134 134 Local Sharing Middelfart Local Sharing Middelfart What is Local Sharing? The Local Sharing Middelfart project is working to establish a network among businesses to facilitate the sharing of employees, while providing a platform for sharing physical resources in the region around Middelfart. Local Sharing s work is based on the understanding that there s a huge untapped market potential that can lead to more efficiency and growth in smaller businesses through sharing circles if they are able to exchange tools, machinery and specialist knowledge for their support functions. The users of Local Sharing s sharing platform should be small businesses, municipalities and business and knowledge centres. The team behind the platform comes from Middelfart Municipality and Middelfart Business Centre. In addition, Local Sharing could be partnered with The University of Southern Denmark and several select start-up businesses. Local Sharing is focused on two building blocks that are closely tied together and interrelated: the creation of a common online platform, where businesses can share their tools, machinery and other things, such as surplus products and resources, and the establishment of a physical network, where a relationship is struck between business leaders and employees in order to share knowledge workers. The willingness to share tools and employees requires mutual trust and familiarity between the parties, which is achieved via the physical network. The final design of this digital platform has yet to be determined. Local Sharing anticipates it will be able to use and/or adapt existing platforms to serve its objectives. The physical network connecting the businesses will be managed by Middelfart Business Centre. These building blocks will provide small businesses with new ways to collaborate and enhance their competitiveness by providing them with access to technology that either makes their everyday tasks easier or helps them develop new products. Currently, Local Sharing is focusing its efforts on users in Middelfart Municipality, but the potential is there to expand the initiative to include small businesses and business centres throughout Denmark. What Are the Sharing Economical Aspects of Local Sharing? Local Sharing is all about helping businesses share machinery, tools, resources and knowledge workers. This helps provide sustainable growth and facilitates the development of new services at small businesses since they gain improved access to knowledge workers for their HR, communication, marketing functions and so on. The network, which creates relationships between business leaders/employees and allows the sharing of knowledge workers, raises the bar for what companies can achieve with their marketing, online services, HR, administration and so on. The online platform provides the businesses with cost-effective access to tools, machinery (e.g. 3D printers) and resources, which cuts down on their capital expenditures. This provides the businesses with more focus and control and trickles down to the bottom line. Through its sharing solutions, Local Sharing thus seeks to remove or minimise barriers to efficiency and growth in smaller businesses. Apart from its role in promoting growth, Local Sharing also works with resource optimisation, by improving efficiency through shared tools, machinery and other resources. This recycles resources and ensures less waste, community growth and job creation through the sharing of knowledge workers.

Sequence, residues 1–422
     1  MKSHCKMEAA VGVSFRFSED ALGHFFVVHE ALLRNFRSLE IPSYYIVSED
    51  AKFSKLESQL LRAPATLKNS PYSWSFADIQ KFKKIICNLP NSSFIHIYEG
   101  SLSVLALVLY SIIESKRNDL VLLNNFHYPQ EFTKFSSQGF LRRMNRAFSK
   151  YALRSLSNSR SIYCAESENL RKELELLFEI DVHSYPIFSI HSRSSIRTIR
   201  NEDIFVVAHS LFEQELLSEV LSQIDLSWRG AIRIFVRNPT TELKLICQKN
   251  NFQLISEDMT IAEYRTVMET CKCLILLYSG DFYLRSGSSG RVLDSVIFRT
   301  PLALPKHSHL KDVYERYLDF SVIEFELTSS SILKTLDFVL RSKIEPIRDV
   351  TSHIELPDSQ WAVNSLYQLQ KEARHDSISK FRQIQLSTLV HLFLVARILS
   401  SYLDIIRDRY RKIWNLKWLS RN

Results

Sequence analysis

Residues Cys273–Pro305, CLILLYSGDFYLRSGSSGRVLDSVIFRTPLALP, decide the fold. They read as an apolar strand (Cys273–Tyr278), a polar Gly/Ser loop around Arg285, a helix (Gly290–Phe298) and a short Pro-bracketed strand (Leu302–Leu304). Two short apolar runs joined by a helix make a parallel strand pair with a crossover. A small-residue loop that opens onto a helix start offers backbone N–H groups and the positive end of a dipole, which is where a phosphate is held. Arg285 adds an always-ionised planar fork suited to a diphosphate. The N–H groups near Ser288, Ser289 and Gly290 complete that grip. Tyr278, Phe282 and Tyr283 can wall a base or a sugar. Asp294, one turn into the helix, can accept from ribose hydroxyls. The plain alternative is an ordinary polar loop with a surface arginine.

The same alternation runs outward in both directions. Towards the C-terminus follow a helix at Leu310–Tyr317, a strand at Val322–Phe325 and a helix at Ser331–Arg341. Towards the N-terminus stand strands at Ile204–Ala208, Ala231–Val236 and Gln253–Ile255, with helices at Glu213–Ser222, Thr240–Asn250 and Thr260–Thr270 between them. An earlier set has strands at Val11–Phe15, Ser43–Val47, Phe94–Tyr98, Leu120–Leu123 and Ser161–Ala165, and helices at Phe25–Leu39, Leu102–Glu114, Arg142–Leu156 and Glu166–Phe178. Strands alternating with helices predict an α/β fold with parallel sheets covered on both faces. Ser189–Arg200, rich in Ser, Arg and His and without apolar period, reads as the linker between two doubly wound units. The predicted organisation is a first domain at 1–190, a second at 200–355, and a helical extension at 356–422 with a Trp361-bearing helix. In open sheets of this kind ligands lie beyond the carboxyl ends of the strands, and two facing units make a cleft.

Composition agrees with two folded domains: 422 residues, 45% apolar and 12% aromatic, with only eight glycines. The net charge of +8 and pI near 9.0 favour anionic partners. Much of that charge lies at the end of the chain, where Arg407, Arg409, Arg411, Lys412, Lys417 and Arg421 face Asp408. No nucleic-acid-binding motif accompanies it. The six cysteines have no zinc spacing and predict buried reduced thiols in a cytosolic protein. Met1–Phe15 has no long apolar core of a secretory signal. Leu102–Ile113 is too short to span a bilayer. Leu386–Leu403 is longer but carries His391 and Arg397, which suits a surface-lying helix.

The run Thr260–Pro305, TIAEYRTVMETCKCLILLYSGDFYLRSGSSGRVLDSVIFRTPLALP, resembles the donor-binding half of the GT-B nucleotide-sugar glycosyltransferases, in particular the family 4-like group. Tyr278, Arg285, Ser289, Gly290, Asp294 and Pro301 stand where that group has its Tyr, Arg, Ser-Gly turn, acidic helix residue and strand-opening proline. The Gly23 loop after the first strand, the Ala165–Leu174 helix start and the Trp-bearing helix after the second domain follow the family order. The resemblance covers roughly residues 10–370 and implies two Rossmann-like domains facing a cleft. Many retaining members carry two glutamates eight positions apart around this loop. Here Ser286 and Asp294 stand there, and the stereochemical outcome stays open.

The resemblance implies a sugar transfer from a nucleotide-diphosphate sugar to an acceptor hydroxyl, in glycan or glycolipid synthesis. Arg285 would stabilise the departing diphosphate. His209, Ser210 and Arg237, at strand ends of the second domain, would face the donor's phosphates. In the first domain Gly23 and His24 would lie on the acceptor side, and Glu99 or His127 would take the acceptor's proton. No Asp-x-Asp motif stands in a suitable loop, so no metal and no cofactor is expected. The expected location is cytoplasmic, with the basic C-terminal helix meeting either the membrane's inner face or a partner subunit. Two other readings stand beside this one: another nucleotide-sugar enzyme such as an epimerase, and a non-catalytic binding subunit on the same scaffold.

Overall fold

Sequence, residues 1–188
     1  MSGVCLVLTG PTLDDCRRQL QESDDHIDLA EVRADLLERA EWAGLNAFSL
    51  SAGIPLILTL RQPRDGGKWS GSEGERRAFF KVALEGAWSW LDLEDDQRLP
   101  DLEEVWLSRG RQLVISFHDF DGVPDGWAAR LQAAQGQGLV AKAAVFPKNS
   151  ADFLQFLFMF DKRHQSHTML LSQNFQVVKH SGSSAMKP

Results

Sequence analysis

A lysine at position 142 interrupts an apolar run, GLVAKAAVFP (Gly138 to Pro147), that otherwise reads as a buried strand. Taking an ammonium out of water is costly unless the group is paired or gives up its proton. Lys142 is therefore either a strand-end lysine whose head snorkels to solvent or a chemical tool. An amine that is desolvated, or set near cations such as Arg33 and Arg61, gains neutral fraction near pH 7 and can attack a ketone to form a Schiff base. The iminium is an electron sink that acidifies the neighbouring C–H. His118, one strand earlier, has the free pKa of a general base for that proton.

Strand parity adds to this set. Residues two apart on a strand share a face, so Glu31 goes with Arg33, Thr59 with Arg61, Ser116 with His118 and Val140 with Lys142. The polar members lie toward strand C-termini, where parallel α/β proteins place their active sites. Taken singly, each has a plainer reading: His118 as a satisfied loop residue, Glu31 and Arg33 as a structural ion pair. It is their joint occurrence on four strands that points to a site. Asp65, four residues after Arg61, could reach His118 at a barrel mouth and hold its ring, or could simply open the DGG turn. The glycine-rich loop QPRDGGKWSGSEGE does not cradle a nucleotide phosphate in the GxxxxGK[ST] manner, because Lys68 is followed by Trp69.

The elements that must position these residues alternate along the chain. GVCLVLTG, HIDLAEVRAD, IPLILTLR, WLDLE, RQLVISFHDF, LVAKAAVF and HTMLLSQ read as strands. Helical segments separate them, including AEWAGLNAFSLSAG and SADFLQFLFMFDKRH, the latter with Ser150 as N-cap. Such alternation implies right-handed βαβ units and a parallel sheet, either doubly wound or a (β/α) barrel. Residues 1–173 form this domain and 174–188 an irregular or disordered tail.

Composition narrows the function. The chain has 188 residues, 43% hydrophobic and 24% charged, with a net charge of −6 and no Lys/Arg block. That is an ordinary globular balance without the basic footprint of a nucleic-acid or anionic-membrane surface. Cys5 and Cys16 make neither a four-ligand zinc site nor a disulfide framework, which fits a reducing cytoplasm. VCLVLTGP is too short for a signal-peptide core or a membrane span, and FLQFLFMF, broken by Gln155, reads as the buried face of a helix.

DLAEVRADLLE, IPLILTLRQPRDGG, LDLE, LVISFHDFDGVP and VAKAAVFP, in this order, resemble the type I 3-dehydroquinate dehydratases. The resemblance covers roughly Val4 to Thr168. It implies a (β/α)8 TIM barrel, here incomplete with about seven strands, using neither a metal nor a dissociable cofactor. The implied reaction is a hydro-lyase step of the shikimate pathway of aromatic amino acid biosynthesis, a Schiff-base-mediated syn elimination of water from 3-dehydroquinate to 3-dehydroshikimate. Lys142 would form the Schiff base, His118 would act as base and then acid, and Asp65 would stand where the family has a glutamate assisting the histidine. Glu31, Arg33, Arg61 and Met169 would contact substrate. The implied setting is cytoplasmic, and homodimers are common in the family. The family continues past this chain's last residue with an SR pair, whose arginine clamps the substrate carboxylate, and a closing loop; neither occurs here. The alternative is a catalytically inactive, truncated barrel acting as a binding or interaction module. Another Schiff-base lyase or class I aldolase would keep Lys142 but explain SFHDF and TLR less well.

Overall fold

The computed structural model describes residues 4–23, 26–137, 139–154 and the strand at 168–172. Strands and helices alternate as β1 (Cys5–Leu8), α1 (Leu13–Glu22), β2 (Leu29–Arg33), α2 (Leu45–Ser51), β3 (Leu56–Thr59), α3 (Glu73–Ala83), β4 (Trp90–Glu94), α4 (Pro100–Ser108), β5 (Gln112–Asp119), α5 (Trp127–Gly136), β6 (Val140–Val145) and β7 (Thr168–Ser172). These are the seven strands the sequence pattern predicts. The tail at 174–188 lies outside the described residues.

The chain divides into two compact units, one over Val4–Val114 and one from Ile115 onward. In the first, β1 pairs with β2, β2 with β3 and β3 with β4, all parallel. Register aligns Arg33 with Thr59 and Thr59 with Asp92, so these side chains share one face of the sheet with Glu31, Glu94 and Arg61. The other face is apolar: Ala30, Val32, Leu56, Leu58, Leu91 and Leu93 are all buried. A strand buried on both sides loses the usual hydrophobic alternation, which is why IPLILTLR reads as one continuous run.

135 135 Donkey Republic Donkey Republic donkey.bike What is Donkey Republic? Donkey Republic is a self-service bicycle rental platform designed to ensure simple bike rental at a location convenient to customers. In a nutshell, what Donkey Republic offers is a digital platform and service that people can use for bike rentals. The business model itself is based on Donkey Republic selling this platform to bike rental outfits and taking a 20% cut of any revenue earned through the platform. Donkey Republic works with two user segments: Bike Owners and Riders. Bike Owners are bicycle rental outfits, which are typically larger partners such as bike rental shops and hotels. Donkey Republic has also experienced that some private individuals are also Bike Owners. The Riders are cyclists, who tend to be tourists, but can also be families, friends and business travellers. Donkey Republic s digital platform includes an app and a website. Bike Owners can list their bikes and make them available to Riders. Via the app, Riders gain access to all the bikes and can always find and book them in the towns they ll be in. The bikes are locked by a so-called smart lock, where the Riders use the app as a key at the beginning and end of the rental. Donkey Republic works in cooperation or partnership with various Bike Owners, such as: Bike shops, bicycle rental shops, hotels and hostels. Furthermore, they have many marketing partnerships with tourist centres, travel organisations, cafés, local kiosks, car parks, petrol stations, municipalities and tour guides. The parties they work with and the success of that collaboration has varied quite a lot from city to city. Donkey Republic is based in Copenhagen, but operates in a large number of cities in both Europe and the US: Copenhagen, Elsinore, Aalborg, Malmö, Gothenburg, London, Oxford, Plymouth, Ohio, Barcelona, Málaga and Amsterdam. Going forward, Donkey Republic will be in need of financial resources in order to expand and spread its model. Additionally, it s been a challenge to find skilful computer programmers since there s a lot of competition for their services in Denmark. The goal for the next 5 years is to increase revenue and have 1 million bikes available on the platform come What Are the Sharing Economical Aspects of Donkey Republic? Donkey Republic feels that the central theme of the sharing economy provides us with a way to make more effective use of our resources. This is the overriding premise behind Donkey Republic s platform since it ensures that people can share resources (bicycles) and in the process achieve more cost-effective and efficient utilisation. This also helps keep our cities free of clutter since it limits the number of bikes that occupy a city s limited space and thereby makes better use of crowded urban areas. Since people can just have subscriptions to use a shared bicycle, it makes their lives easier since they don t have to own and maintain quite so many things. Through this sharing economy platform, Donkey Republic believes they can help spread the joy of cycling in cities throughout the world. The fact that more transportation in our cities occurs on bikes benefits not only bike riders but also people who don t ride bikes since it leads to improved public health, less air and noise pollution, less traffic jams and less congestion in urban spaces. Not to mention, it also makes our roads safer when more and more people ride bikes instead of drive cars.